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THE DEBATE SURROUNDING LOWERING THE LEGAL LIMIT FROM 0.08% TO 0.05%
SEEING BOTH SIDES OF THE DEBATE SURROUNDING LOWERING THE LEGAL LIMIT
The Lowering Legal DUI Limit: 0.05% Debate:
The National Transportation Safety Board (NTSB) has been encouraging states to lower their current legal blood alcohol content limits for drivers from .08% to .05%, or even lower, claiming that the change would save lives.
The agency has stated that: “When it comes to alcohol use, we know that impairment begins before a person’s BAC reaches 0.08 percent, the current legal limit in the United States.” The agency has also stated that: “In fact, by the time it reaches that level, the risk of a fatal crash has more than doubled. That is why states should lower BAC levels to 0.05— or even lower.”
The agency issued the recommendation while admitting that “the amount consumed and crash risk is not well understood.” Admitting that “We need more and better data to understand the scope of the problem and the effectiveness of countermeasures.”
What is most intriguing about the NTSB recommendation is that the “Mothers Against Drunk Driving founder, Candace Lightner, who led the successful national campaign in the 1980s to crack down on drunk driving after her daughter was killed in an alcohol-induced accident, doesn't support the proposal,” stating: "I don't believe it is a practical long-term solution," she told U.S. News. "You could go to 0.0 and that would save lives. You could go to a 40 mph speed limit and that would save lives, but you have to look at what's realistic."
Ms. Lightner also stated that “The laws would likely save lives in the short-term due to media attention, she said, but ultimately ‘won't be enforced and will be a waste of time,’ distracting from what she sees as the most significant highway safety issues: high-BAC drunk driving, drugged driving and distracted driving,” all of which are legitimate concerns.
LOWERING DUI LEGAL LIMIT: 0.05% - SET BY STATES
As we know, States set their own legal BAC limits, but the federal government is able to gain compliance of the State by tying it to federal funding. If a State declines that which the federal government is selling, the State loses out on receiving federal highway safety funds. Based on this principle, since 2004 all of the 50 states have adopted a legal limit of 0.08%. This was at the urging of both MADD and the NTSB.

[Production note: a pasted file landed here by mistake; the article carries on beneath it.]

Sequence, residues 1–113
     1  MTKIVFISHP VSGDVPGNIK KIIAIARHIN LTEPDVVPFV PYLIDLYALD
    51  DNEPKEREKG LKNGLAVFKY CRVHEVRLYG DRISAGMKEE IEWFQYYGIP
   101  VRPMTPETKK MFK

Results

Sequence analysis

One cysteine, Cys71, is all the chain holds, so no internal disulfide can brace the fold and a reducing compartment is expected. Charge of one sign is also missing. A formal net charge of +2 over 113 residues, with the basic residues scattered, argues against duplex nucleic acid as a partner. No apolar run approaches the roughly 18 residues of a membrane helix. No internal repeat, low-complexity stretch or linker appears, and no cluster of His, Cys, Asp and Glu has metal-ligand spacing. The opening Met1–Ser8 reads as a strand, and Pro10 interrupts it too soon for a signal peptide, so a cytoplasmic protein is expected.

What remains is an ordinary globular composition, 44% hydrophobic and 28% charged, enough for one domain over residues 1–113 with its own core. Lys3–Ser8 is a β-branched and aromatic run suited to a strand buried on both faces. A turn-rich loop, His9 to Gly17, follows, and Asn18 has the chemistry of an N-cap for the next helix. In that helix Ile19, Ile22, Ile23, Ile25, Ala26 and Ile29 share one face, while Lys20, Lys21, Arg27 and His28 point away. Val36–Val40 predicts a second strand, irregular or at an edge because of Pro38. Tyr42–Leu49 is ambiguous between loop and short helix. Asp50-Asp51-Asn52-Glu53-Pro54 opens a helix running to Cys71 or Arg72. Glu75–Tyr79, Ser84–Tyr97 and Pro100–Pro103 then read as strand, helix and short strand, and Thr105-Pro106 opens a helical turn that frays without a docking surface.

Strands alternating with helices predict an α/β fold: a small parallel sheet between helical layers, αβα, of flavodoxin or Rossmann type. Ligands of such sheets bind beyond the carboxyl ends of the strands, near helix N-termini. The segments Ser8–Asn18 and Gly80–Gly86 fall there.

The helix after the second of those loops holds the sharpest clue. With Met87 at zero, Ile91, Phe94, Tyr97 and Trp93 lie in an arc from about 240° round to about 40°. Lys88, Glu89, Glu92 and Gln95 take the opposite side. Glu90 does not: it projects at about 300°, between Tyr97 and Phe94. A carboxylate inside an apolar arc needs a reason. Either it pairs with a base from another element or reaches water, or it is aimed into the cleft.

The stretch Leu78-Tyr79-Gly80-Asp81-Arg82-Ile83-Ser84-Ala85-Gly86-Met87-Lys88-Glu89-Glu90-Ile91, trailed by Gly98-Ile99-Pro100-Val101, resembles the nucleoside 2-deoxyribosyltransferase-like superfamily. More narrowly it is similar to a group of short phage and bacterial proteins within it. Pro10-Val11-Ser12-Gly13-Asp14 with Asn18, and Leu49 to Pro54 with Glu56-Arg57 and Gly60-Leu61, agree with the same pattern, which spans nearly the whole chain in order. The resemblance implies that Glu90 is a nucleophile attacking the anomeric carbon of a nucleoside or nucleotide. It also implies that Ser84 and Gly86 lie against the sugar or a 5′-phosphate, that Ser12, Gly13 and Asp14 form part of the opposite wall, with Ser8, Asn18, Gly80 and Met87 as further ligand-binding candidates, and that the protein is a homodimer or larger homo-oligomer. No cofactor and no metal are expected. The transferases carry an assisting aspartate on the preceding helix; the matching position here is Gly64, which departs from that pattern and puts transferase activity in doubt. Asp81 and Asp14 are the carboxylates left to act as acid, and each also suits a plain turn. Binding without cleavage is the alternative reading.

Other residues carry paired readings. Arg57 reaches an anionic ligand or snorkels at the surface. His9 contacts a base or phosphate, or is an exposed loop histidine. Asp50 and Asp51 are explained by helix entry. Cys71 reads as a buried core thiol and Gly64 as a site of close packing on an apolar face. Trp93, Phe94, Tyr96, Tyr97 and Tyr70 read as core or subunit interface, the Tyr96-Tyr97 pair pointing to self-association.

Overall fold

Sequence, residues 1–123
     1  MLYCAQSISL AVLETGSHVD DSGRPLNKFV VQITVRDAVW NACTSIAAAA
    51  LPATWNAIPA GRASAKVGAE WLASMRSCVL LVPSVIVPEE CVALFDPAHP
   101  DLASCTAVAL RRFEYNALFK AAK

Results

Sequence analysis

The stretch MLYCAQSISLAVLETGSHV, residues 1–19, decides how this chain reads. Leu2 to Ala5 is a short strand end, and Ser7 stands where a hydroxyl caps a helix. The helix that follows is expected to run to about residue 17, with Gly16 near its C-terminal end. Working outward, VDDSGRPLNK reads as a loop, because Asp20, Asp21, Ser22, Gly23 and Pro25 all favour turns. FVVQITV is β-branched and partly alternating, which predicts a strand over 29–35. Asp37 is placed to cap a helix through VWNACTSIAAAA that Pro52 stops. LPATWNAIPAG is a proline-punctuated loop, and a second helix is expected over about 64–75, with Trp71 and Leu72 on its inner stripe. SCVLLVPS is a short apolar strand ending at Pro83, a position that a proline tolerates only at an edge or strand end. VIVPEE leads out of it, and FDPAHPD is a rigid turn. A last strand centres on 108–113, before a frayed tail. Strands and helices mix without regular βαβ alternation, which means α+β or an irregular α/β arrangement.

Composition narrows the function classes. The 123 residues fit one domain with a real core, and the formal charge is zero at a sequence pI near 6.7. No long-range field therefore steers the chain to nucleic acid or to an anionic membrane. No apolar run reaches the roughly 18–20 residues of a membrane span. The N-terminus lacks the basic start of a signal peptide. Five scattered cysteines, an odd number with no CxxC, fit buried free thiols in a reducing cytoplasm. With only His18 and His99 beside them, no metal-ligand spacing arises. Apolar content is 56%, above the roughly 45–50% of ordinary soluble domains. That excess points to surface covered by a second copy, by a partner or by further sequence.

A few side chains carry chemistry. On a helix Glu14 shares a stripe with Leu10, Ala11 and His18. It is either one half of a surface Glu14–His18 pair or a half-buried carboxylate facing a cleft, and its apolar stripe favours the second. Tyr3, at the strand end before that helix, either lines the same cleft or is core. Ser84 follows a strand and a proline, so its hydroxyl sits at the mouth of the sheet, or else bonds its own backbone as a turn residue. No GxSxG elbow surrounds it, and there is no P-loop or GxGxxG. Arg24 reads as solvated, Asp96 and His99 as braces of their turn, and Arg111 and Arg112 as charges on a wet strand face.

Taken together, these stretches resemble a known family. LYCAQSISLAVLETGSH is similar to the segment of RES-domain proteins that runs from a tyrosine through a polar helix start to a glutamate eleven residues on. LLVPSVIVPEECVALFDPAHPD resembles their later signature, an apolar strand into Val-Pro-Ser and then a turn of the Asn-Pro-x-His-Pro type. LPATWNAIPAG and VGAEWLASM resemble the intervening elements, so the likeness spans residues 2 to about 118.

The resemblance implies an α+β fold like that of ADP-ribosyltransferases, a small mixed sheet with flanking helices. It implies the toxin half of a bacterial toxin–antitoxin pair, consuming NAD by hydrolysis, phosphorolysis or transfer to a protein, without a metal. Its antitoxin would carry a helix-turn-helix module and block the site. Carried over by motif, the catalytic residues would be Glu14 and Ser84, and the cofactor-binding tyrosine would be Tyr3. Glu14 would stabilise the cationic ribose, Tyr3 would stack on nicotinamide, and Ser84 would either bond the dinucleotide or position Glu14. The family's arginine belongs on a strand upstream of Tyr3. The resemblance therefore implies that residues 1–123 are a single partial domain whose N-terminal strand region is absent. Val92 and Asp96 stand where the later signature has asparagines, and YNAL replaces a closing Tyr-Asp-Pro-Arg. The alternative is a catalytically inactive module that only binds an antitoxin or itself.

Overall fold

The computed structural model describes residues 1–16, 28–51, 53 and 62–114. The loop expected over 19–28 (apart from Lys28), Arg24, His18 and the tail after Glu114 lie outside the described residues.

Regarding the issue, Ms. Lightner has stated that "Years ago, I wasn't really hot on .08," said Lightner, who left MADD in 1985. "I didn't think it would be enforceable and that it would work, and I've heard it isn't being enforced. But we're at .08 now, so I'm going to say leave it there." According to many news sources, MADD's current leadership has indicated that it will not actively push to lower the legal blood alcohol limit, which the NTSB believes could save 1,000 lives a year.
Regarding lowering the limit to 0.055, Lightner has also indicated that "Running around trying to arrest everyone at .05 is impractical.” Further, that “Police and prosecutors she spoke with said the lower limit would be ‘very hard to prosecute,’" in part because many of those drivers would pass the field sobriety tests, leaving only subjective evidence of impairment.”
After leaving MADD, Ms. Lightner became critical of the group she helped build into a national activist organization, referring to it as "neo-prohibitionist," But she now claims that disagreement has ended. "I believe they're off that kick," Ms. Lightner said. "It was a long, long time ago. Unfortunately the Internet has a habit of keeping old comments alive."
CREATING THE WE SAVE LIVES ORGANIZATION
Lightner recently formed a new organization, We Save Lives, to coordinate among groups that oppose drugged and distracted driving and she remains proud of her work to raise the national drinking age to 21 as a way to reduce drunk driving. "I was the one who initiated raising the drinking age to 21 and I stand by it," she said. "That was my thing. I believe in it strongly and support it all the way."
As part of its campaign to lower the legal limit, the National Transportation Safety Board also is seeking a ban on hands-free technology in cars, which in my opinion demonstrates its overzealous approach to lowering the legal limit.
Christopher Hart, the acting chairman of the National Transportation Safety Board (NTSB), stated during a press conference announcing the recommendations that “Hands-free cell phone use causes cognitive distraction.” Thus, “We have recommended prohibiting all cell phone use, including hands-free, because a driver’s mind must be on the driving, just as their hands must be on the wheel,” he stated.
The NTSB indicated that “Since people have limited attention, each auxiliary task impairs our processing of the primary task. For safety-critical operations, distraction must be managed, even engineered, so as to ensure safe operations.”
Blog Entry: Lowering Legal DUI Limit: 0.05% (Peter F. Iocona, Attorney at Law)